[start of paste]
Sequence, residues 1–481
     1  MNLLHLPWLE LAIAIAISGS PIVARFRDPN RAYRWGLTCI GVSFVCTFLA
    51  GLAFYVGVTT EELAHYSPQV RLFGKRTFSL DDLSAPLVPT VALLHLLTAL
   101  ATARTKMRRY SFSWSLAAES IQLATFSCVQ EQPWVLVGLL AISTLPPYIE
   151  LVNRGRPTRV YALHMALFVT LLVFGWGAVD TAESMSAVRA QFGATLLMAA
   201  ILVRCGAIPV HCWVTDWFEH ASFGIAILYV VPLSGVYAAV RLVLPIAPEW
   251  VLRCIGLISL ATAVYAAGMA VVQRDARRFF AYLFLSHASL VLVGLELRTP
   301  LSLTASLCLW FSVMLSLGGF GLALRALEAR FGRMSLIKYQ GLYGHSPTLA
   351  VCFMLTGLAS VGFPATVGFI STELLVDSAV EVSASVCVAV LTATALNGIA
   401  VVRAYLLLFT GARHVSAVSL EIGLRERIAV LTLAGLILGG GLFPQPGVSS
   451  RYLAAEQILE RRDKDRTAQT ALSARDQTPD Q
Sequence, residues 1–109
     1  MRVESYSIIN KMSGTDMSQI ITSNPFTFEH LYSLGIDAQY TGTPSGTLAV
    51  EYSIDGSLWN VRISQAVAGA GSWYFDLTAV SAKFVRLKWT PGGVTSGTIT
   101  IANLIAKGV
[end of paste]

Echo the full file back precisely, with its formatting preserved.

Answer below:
Sequence, residues 1–481
     1  MNLLHLPWLE LAIAIAISGS PIVARFRDPN RAYRWGLTCI GVSFVCTFLA
    51  GLAFYVGVTT EELAHYSPQV RLFGKRTFSL DDLSAPLVPT VALLHLLTAL
   101  ATARTKMRRY SFSWSLAAES IQLATFSCVQ EQPWVLVGLL AISTLPPYIE
   151  LVNRGRPTRV YALHMALFVT LLVFGWGAVD TAESMSAVRA QFGATLLMAA
   201  ILVRCGAIPV HCWVTDWFEH ASFGIAILYV VPLSGVYAAV RLVLPIAPEW
   251  VLRCIGLISL ATAVYAAGMA VVQRDARRFF AYLFLSHASL VLVGLELRTP
   301  LSLTASLCLW FSVMLSLGGF GLALRALEAR FGRMSLIKYQ GLYGHSPTLA
   351  VCFMLTGLAS VGFPATVGFI STELLVDSAV EVSASVCVAV LTATALNGIA
   401  VVRAYLLLFT GARHVSAVSL EIGLRERIAV LTLAGLILGG GLFPQPGVSS
   451  RYLAAEQILE RRDKDRTAQT ALSARDQTPD Q
Sequence, residues 1–109
     1  MRVESYSIIN KMSGTDMSQI ITSNPFTFEH LYSLGIDAQY TGTPSGTLAV
    51  EYSIDGSLWN VRISQAVAGA GSWYFDLTAV SAKFVRLKWT PGGVTSGTIT
   101  IANLIAKGV